Trip Start May 01, 2010
90Trip End Apr 30, 2011
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Where I stayed
Mr Charles Guesthouse
After a couple of enjoyable, relaxing days in Pyin U Lwin, we followed in the footsteps of Paul Theroux and caught the '131 Up' train to Hsipaw. We were in First Class, distinguished from Ordinary Class by the fact that the upright wooden seats have a padded cushion to sit on. There are large military academies around this area and many of the other people in our compartment were Myanmar Army soldiers. The journey took 7 hours and we travelled through countryside of fields of maize, rice and vegetable plots. About half way we crossed the Gokteik viaduct, which was built in 1901 and crosses a deep ravine. Supposedly photography of the viaduct is banned for security reasons, but none of the military personnel in our carriage seemed to mind when Tom hung out the door taking pictures! Towards the end of the journey, the previously bare hillsides (Myanmar has a serious deforestation problem) became covered in trees
As soon as we stepped off the train, a man approached us from Mr Charles guesthouse, our intended accommodation for our stay here, so we both hopped into a bicycle trishaw and bumped along the back roads to the guesthouse. We warmed to Hsipaw's laid back feel right away. The main street is buzzing with motorbikes and roadside stalls but the back streets are quiet and sleepy and being here is like stepping back in time to the Asia of yesterday. It's the kind of place we would be happy to stay for a few weeks if we had the time.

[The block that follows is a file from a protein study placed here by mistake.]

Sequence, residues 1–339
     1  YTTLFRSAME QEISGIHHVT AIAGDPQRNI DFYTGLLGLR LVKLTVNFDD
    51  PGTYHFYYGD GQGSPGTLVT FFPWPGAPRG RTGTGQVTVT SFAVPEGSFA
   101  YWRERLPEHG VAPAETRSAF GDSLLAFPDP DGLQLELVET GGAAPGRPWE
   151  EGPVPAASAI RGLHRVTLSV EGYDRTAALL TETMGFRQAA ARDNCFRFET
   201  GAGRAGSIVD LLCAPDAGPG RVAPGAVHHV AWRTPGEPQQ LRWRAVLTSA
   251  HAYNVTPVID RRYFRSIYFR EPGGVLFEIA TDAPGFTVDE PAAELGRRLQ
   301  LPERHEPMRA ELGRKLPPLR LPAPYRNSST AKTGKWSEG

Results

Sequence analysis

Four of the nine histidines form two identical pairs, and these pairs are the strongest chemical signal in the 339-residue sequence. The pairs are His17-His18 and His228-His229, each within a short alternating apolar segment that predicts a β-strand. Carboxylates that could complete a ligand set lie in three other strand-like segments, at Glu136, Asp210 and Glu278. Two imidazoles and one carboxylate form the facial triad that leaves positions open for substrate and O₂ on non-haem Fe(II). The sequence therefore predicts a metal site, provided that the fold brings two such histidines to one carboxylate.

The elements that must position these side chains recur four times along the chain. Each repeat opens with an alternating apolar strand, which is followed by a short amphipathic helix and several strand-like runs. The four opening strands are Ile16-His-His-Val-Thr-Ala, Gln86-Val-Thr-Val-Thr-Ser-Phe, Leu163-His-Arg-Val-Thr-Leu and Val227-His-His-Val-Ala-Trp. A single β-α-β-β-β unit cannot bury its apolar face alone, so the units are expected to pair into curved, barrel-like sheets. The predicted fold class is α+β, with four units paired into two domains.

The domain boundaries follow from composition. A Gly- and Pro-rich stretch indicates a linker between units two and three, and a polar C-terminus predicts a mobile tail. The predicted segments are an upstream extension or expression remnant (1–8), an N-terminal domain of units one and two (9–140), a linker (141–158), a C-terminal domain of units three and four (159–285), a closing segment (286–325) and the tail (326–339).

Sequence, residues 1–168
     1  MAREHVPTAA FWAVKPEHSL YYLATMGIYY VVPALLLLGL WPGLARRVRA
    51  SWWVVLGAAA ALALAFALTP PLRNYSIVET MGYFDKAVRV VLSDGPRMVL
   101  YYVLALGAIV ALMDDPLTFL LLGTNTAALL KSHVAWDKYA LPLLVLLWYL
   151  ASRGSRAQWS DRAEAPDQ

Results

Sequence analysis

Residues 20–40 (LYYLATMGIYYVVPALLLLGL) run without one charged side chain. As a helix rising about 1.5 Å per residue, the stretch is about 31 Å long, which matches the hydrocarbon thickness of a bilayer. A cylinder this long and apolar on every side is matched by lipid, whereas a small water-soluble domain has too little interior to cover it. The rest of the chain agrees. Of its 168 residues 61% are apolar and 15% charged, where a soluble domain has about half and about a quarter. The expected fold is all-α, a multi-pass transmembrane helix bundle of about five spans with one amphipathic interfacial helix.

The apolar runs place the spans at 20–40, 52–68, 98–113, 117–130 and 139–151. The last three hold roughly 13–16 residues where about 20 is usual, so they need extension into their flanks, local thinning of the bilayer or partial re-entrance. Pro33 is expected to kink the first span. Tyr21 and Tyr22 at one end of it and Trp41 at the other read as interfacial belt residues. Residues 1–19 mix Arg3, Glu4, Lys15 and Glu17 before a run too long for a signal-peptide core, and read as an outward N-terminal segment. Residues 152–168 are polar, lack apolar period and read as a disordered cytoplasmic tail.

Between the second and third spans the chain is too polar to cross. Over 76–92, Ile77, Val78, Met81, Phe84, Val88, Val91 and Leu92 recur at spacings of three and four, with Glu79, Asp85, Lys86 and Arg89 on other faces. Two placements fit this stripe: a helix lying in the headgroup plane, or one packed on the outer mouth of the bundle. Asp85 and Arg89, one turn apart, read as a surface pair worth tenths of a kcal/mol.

In the morning we went for a walk with a trekking guide from the guesthouse. He spoke excellent English and we leant a great deal from him as we strolled through the rice paddies and several Shan villages. The Shan make up 9% of the Myanmar population, are mostly Buddhist and are related to people in northern Thailand, Laos and Yunnan province in China. Again we were made to feel very welcome and people were happy for us to enter their attractive bamboo homes and take photographs. After our walk we wanted to try some local Burmese food so went for lunch in a restaurant popular with locals. We were overwhelmed when they brought out a huge spread of various dishes. We feasted on la-hpeq dhouq, a crunchy salad of green tea leaves, pulses, garlic, dried shrimp, ginger etc. We also had hin-jo, a soup made with green squash, balachaung, made with chillies, dried shrimp and tamarind, various other pickles and a bowl of rice enough to feed about 8 people! We felt very greedy but were relieved to see that everyone else was eating exactly the same as us
The next day we hired a couple of ancient bicycles from the guesthouse. It was great fun and everyone we passed waved and said hello or sometimes goodbye! It was the Festival of Lights, an annual Buddhist event, and we popped our heads into a monastery to see the people chanting. Then we cycled out of town, left the bikes by the side of the road and walked for about an hour to a waterfall with a 100 foot drop into a deep pool where we went for a refreshing swim. The walk was lovely and took us through rice paddies and past a small banana plantation. A sweet boy of about 7 came out of his house and, for a small fee, led us to the falls, waited for us while we were swimming and then led us back again. On the return hike it started raining heavily and the path soon became a quagmire. We reached town completely soaked through and splattered with mud. Luckily we found a small cafe on the banks of the river and had a nice warming cup of Earl Grey tea!
Tomorrow morning we leave on the 5.30am bus back to Mandalay and from there we travel on to Bagan.